Some of Pluto’s supporters argued that Pluto should have been grandfathered in, given that the definition came after Pluto was declared a planet, but to no avail. Pluto has not given up, and on July 13, 2015, it launched an emotional plea with the help of the NASA’s New Horizons probe. New Horizons sent back images of Pluto’s heart (Figure 2.11). On closer inspection, Pluto’s heart was discovered to be broken.

Figure 2.11 Photographs of Pluto. Left: The heart-shaped region called Tombaugh Regio is outlined. This region is named after Pluto’s discoverer Clyde Tombaugh. Right: False-colour images show compositional variations in Tombaugh Regio. Source: Karla Panchuk (2015) CC BY 4.0. Left photo- NASA/APL/SwRI (2015) Public Domain Image source, Right photo- NASA/APL/SwRI (2015) Public Domain. Image source.

Update: Still Hard Feelings about the Unplaneting of Pluto

Objections to “unplaneting” Pluto are all emotional on some level (see the I Heart Pluto Festival 2021), but scientists can have emotions about their work and still do good science. They keynote speaker at the I Heart Pluto Festival, Dr. Alan Stern gave a talk called “Why Pluto Is a Planet, The Embarrassment of The IAU, and Why They Had It Coming.” Dr. Stern currently leads the New Horizons Mission.

In his talk, Dr. Stern argued first of all that a vote by the IAU was a terrible way to go about making a scientific decision, because whether something is true from a scientific perspective or not has nothing to do with how many people think it should be accepted as truth. As he put it, “The image of the IAU taking a vote was the single most damaging pedagogical event in science in probably a century, because to many people it was easy to reach the conclusion that science is arbitrary or political, which it is not.”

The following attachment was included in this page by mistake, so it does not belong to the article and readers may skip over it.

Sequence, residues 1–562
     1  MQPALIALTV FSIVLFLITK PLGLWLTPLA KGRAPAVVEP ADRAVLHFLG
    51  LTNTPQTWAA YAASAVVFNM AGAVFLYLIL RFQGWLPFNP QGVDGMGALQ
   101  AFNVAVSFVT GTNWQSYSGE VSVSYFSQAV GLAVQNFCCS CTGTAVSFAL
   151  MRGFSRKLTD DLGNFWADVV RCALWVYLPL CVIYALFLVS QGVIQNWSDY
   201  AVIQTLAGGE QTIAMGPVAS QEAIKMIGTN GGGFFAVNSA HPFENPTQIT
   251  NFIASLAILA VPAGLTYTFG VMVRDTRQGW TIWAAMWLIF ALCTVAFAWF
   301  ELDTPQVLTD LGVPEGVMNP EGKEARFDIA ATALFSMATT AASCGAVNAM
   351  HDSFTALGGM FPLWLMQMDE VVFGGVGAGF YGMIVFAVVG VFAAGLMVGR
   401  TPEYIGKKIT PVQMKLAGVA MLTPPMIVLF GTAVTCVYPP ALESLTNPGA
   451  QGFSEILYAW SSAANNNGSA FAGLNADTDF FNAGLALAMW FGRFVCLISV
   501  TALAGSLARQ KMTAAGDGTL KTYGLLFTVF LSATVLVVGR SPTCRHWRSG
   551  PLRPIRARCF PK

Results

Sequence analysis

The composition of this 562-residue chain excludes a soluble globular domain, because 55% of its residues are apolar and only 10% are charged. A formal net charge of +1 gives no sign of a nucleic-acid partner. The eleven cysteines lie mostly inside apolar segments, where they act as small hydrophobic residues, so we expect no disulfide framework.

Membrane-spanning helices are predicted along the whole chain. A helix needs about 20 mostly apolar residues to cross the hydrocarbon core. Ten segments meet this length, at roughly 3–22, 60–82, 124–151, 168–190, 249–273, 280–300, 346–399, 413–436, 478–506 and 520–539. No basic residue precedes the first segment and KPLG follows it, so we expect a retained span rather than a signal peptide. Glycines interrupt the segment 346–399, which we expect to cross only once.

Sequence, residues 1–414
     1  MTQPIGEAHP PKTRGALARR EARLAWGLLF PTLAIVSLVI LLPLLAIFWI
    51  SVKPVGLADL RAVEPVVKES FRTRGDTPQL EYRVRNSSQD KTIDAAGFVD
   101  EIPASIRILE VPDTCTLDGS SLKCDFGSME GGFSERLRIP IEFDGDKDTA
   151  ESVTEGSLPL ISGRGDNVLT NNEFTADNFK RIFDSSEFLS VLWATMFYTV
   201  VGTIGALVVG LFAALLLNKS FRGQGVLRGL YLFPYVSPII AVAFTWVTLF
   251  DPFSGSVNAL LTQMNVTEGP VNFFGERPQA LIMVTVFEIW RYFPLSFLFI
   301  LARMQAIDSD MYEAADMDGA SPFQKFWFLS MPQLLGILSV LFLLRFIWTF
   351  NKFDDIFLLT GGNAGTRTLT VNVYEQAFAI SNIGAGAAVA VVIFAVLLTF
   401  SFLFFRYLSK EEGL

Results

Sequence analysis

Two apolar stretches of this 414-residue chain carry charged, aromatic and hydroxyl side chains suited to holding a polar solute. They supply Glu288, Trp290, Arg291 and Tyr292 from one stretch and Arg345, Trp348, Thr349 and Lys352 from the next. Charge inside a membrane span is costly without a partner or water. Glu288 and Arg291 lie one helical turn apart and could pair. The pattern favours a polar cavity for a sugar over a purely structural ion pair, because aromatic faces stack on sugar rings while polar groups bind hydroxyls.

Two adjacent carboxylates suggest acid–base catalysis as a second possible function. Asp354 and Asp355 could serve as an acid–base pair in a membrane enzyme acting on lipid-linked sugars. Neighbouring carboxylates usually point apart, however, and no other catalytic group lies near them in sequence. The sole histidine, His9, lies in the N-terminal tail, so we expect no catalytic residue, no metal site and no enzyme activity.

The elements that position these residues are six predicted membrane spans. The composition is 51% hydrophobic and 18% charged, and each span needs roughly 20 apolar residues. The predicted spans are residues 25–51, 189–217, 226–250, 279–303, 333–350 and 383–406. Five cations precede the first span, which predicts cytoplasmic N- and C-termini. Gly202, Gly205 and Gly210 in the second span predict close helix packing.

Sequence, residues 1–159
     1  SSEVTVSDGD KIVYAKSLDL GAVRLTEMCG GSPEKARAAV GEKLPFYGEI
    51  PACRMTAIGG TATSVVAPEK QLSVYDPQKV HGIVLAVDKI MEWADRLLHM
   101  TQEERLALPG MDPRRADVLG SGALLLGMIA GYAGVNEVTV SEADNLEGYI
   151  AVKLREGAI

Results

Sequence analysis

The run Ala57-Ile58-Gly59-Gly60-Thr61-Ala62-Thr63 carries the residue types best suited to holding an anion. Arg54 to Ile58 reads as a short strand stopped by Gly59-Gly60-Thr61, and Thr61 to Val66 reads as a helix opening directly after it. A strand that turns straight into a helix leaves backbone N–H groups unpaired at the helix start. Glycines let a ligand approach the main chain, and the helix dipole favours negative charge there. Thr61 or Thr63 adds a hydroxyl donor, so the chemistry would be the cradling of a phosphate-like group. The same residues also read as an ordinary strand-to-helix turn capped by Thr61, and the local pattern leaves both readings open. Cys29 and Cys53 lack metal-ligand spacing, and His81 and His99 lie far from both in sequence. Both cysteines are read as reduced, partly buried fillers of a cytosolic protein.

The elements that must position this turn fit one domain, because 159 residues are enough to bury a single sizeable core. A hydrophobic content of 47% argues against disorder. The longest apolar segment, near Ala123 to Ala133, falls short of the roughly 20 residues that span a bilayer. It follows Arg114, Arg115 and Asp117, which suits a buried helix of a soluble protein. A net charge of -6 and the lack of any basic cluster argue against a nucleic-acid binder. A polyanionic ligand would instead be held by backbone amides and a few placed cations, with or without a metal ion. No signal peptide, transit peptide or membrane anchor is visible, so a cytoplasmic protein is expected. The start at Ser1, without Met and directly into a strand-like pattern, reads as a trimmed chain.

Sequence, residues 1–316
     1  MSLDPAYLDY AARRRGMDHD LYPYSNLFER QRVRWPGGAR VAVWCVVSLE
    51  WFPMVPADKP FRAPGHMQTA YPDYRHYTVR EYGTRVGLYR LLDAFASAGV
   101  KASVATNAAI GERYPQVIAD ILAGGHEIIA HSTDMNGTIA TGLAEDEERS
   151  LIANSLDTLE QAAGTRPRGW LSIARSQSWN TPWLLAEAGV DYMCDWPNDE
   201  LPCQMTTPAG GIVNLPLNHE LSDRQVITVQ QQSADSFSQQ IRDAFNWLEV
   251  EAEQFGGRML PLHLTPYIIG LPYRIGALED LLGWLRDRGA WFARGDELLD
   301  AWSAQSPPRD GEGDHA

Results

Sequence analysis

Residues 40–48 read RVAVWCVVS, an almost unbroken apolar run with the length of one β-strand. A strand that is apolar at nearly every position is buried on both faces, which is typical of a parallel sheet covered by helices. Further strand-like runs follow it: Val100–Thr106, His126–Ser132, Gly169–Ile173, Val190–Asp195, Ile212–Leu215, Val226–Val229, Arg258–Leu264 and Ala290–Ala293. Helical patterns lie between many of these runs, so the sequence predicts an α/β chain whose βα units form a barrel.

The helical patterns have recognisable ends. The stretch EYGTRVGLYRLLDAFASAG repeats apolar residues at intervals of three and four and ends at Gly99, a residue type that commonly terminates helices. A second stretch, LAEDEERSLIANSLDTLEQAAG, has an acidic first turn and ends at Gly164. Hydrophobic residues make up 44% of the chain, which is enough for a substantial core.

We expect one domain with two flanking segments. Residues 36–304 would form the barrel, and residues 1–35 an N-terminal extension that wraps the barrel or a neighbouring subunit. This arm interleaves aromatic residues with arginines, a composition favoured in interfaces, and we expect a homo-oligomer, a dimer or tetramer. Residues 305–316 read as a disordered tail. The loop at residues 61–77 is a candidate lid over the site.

Second, he argued that the definition was changed for the wrong reason, namely that more and more Pluto-sized objects were being discovered past Neptune. (Stern expects there to be hundreds found.) “Astronomers became afraid of astronomically large numbers,” he quipped, and didn’t like the idea of calling all those objects planets.

So what does Dr. Stern think the definition of a planet should be? People who specialize in studying planets define a planet as being massive enough to be round, but not so big that nuclear fusion happens. In other words, round, but not a star. The let the lower limit be defined by how a planet’s mass influences its own shape, rather than by conditions around it that might be unrelated to the object itself (such as a bigger planet flinging debris at it).

In the end, this is an argument about what a good reason is to classify an object one way or another. Dr. Stern is frustrated because he sees the IAU definition as being based on an irrelevant issue, that acknowledging more planets means naming them all. Granted, naming them all means an extraordinary amount of work for the IAU, because you can’t just slap a label on a planet and call it official. There are rules about these things. (The IAU’s webpage Naming of Astronomical Objects begins, “Celestial nomenclature has long been a controversial topic.”) But as Dr. Stern says, “There are countless stars and there are countless planets—and who cares? It’s just the data.”